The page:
Built in a rush, Symes Castle still looks rather gaunt from the outside, but plants are being trained to climb up and around the building and, with the addition of the gargoyles and mosaics, it is beginning to bed down into its prominent head-of-the-shopping-parade site.

Inside (the entrance drum is made from a steel agricultural silo; it has to be bullet proof as well as fire and vandal proof), the building opens up gently into a large double-height hall where 200 or so local people each day meet 65 representatives of the local authority housing and social services teams who are here to deal with their problems.

This is a quietly dramatic space, its soft colours contrasting with the out-of-context lorry and coach-building components the architects have used to fashion some of the interior details. Others are made of unpainted galvanised steel, neoprene or MDF. Sounds punky, yet the overall effect is neither gimmicky, nor pernickety.

The building needed a degree or warmth and invention, not least because the local social services department has to deal with many disturbing cases. It has already found that the interior helps to diffuse aggression and other outbursts. Interview rooms are almost jolly, a big change from the grim offices (low, suspended ceilings, aggressive fluorescent light, cheap carpets, horrid wall textures) found in far too many low-ranking local authority buildings.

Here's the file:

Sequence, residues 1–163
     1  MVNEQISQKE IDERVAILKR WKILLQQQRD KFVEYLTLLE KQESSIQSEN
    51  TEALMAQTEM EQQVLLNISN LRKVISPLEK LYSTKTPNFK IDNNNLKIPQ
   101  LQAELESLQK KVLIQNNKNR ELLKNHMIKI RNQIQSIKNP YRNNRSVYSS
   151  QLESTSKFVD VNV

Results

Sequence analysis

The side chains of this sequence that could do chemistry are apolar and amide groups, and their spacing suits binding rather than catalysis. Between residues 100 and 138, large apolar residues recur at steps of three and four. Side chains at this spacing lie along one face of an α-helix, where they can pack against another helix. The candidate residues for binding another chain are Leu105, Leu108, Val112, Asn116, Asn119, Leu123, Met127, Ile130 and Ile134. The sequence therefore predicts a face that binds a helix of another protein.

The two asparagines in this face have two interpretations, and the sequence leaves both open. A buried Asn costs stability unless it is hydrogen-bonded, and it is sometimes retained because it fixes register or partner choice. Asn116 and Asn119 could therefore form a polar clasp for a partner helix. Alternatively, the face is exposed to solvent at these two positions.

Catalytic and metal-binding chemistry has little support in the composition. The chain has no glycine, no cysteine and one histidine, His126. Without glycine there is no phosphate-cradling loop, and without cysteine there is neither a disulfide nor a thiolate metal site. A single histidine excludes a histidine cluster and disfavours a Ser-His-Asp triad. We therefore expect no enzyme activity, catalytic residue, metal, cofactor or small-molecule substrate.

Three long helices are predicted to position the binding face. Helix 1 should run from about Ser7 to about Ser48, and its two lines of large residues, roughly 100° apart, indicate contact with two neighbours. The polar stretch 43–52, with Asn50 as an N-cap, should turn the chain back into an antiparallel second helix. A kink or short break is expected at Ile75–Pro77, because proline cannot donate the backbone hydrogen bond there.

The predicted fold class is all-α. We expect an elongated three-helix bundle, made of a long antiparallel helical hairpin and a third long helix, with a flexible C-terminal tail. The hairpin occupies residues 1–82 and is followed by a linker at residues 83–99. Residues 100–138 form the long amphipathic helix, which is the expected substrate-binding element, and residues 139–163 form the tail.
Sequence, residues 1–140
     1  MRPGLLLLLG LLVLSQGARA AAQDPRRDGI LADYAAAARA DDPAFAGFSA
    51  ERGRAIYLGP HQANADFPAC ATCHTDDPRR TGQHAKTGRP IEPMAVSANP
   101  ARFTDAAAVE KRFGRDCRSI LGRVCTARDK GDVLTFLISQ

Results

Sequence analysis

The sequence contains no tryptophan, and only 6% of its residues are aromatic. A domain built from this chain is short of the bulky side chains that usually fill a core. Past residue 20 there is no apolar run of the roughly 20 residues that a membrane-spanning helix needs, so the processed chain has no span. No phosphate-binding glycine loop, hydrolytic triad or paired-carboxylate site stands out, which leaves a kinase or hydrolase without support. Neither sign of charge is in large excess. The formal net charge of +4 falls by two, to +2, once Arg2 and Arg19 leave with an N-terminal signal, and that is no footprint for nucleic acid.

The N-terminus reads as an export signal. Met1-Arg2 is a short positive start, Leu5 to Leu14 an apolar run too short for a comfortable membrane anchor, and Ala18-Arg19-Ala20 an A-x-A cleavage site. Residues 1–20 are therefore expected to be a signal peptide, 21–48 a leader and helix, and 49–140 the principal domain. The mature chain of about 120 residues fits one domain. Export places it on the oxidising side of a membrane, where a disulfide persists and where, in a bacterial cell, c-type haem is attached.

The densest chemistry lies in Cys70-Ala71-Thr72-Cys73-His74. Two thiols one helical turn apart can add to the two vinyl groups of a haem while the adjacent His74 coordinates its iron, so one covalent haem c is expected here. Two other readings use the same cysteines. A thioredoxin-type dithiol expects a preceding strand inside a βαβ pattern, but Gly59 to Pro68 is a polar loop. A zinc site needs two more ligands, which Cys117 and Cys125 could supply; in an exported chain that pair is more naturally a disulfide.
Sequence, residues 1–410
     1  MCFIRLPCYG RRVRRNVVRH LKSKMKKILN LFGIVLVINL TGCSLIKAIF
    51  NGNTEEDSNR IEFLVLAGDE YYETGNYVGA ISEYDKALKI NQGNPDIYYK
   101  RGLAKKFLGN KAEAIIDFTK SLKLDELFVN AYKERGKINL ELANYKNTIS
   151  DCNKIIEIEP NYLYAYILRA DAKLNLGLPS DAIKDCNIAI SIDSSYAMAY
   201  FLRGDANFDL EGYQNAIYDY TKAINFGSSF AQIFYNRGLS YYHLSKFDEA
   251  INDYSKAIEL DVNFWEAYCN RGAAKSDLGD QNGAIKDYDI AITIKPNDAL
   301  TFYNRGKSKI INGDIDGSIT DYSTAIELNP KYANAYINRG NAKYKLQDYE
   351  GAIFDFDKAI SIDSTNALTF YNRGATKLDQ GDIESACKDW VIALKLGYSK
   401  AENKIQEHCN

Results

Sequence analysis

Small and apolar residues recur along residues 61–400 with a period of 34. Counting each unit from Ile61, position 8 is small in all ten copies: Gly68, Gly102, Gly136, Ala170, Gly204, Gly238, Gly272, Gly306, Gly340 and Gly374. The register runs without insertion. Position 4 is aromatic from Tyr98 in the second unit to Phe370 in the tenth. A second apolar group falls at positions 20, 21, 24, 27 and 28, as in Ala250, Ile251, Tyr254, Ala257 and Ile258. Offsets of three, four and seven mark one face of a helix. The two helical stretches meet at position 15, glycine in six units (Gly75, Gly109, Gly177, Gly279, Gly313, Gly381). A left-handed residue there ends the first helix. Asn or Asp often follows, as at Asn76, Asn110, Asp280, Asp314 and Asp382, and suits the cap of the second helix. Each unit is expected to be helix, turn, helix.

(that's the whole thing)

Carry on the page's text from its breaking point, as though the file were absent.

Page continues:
One of the big surprises of the town hall, and another reason why it seems so approachable despite its bristling skin, is the courtyard, planted with trees, shrubs and flowers at its heart. This enjoys a curiously Mediterranean air, and serves to bring daylight and fresh air into offices and corridors facing its four sides.

Tough on the outside, soft on the inside, Symes Castle sounds a bit like a snail, a hermit crab or a hedgehog. Is this the windowless way that civic buildings are destined to go? Perhaps, but the imaginatively defensive architecture wrought here ought to remain a one-off; not because it is in any way wrong, but because its very individuality defies copying.

A curious postscript is the fact that two locals have told Hallett and Pollard that, should they win the Lottery, they would like them to design houses for them. It looks like the British are developing a siege mentality.